If you are trying to sell your home this spring, it's going to be more or less of a chore, depending on where you live.
If your house is in Austin, Nashville, or Denver, it will probably sell quickly and you will likely get multiple offers.
But if it's in a city where the market isn't nearly as robust, you might have to do something to set your home apart from the competition. The trick is to not overspend on improvements and upgrades, because you probably won't get that money back.
However, real estate marketplace Trulia has offered some helpful tips, highlighting a number of inexpensive improvements that don't cost very much but will likely be appreciated by homebuyers.
Curb appeal sells
It starts with curb appeal, and surveys consistently show that an attractive front door makes a big difference with buyers. Take a look at yours, and if it's old and faded, with chipped paint, consider a face lift. Better yet, consider replacing it altogether, with attractive new hardware.
You can purchase an attractive fiberglass door for between $250 and $350 at a home center store. Even with professional installation, the cost will be below $1000.
How do guests arrive at the front door? If they have to walk on stepping stones, or a pattern of brick pavers that have sunk into the ground over time, consider adding a sidewalk.
A sidewalk doesn't have to be concrete, though that's a good choice. It can be brick, or even crushed stone. The important thing, Trulia advises, is that it match the style of your home.
Another important, and cheap outdoor improvement is to spruce up the landscaping, especially in the front of the house. Cut back shrubbery that has gotten too tall and is making contact with the side of the house.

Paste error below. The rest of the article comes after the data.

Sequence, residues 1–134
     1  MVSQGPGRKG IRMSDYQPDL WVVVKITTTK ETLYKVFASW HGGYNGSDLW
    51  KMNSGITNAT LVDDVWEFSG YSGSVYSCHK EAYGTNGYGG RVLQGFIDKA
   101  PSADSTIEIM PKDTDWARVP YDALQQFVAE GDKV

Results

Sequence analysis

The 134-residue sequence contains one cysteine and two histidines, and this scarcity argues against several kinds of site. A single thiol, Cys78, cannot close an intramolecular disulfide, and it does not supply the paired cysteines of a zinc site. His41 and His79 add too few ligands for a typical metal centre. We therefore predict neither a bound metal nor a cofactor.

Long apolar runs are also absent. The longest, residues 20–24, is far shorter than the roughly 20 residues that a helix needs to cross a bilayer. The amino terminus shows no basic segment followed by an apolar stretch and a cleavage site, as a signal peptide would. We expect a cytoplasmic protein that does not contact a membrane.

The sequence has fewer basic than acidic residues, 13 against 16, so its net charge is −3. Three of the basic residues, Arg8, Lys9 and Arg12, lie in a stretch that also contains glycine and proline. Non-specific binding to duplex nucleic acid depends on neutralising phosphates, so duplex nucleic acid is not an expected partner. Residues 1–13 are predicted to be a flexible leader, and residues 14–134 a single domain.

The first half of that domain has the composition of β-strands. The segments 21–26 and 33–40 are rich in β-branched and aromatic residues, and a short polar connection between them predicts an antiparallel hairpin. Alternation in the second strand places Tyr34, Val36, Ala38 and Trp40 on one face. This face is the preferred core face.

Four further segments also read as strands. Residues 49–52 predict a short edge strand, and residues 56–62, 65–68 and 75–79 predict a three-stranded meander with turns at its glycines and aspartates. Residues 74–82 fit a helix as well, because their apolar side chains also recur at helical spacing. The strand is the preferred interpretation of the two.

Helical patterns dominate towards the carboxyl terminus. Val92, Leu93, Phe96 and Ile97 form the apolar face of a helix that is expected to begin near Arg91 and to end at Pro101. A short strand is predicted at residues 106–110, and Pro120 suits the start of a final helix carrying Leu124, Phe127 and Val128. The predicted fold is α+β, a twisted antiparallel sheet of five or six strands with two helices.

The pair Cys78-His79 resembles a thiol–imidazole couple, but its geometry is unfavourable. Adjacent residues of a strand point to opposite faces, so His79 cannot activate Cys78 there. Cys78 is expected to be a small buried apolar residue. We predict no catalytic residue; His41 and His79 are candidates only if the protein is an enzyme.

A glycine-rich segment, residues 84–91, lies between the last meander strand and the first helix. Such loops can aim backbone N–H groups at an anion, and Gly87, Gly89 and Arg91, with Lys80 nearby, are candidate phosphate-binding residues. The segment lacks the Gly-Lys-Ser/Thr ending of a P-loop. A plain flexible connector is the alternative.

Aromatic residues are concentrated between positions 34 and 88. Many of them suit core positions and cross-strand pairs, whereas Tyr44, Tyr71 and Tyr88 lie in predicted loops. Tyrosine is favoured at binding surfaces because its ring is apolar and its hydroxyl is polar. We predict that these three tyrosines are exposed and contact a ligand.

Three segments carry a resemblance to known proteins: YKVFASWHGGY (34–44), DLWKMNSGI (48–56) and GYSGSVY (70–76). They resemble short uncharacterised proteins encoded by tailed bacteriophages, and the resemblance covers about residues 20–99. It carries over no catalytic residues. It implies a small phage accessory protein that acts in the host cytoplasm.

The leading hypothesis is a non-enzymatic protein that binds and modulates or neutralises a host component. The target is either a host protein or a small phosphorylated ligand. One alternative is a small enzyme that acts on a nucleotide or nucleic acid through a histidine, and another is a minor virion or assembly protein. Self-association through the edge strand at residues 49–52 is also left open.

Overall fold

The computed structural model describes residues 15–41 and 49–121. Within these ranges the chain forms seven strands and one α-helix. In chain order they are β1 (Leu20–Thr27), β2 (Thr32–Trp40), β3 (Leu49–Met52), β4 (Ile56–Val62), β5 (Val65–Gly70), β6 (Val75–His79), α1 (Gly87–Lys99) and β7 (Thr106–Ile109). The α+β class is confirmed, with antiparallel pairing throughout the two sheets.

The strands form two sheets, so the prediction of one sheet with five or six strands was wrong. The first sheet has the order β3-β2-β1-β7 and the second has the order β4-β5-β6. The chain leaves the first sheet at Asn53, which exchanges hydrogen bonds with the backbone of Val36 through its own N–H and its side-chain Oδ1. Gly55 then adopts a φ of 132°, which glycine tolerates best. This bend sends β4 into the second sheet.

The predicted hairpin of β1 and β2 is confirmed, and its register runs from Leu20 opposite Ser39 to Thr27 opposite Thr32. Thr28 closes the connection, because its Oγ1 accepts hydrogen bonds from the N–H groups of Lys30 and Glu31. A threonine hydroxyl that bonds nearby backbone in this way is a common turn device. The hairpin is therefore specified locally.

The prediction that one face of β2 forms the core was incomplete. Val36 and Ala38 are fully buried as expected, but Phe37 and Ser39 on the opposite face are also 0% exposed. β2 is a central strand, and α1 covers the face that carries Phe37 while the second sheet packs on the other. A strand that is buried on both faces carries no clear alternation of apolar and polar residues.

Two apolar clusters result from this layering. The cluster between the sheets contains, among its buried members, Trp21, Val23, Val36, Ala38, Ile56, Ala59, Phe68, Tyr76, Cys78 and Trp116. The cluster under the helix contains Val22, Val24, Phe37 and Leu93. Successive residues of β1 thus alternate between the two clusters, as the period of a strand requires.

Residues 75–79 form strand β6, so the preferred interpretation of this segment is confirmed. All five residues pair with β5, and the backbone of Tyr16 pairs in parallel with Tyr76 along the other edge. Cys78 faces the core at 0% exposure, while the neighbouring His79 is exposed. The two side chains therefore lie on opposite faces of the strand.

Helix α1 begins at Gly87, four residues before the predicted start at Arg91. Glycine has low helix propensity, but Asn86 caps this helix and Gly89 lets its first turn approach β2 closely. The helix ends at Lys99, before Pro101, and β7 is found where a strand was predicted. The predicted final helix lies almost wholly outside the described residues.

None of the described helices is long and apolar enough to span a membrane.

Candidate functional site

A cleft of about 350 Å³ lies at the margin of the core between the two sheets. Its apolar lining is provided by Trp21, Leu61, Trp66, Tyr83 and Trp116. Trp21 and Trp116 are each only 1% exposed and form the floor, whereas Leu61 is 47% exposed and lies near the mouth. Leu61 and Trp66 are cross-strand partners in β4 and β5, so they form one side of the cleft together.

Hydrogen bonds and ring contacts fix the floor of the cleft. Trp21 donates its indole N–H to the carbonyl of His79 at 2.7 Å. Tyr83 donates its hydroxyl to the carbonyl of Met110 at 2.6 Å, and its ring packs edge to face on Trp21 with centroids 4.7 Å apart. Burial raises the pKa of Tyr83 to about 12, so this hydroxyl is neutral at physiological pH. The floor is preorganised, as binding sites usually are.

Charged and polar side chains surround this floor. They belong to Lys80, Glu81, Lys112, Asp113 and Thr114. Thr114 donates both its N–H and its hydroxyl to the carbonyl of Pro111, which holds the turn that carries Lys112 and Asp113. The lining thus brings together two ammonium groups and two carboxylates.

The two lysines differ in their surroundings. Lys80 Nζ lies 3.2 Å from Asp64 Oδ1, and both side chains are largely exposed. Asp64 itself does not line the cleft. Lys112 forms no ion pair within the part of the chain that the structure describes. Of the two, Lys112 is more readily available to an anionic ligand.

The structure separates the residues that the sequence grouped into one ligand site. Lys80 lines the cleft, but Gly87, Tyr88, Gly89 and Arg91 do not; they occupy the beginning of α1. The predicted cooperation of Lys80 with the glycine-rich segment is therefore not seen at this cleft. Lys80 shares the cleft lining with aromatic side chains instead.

Invest in a few bags of fresh mulch to place around shrubs and you've spent very little to make a good first impression.
Inside, the the kitchen and bathrooms are very important factors, but total upgrades can break the bank and not provide much, if any return. However, there are inexpensive upgrades you can do in both areas.
Nothing dates a house like old fixtures, so replacing lights and faucets in the kitchen and the bathrooms can brighten up both areas.
Replacing an old toilet with a stylishly designed new one may also make economic sense. If the bathtub is stained and chipped, consider an inexpensive reglazing to make it look new again.
Finally, if your thermostat is old and has an analog dial, consider replacing it with a new digital one. Better yet, choose a digital thermostat that can be easily programmed to adjust heating and cooling throughout the day.
With heating and cooling costs taking a big share of the typical household budget, this money-saving improvement could be very appealing to a prospective buyer.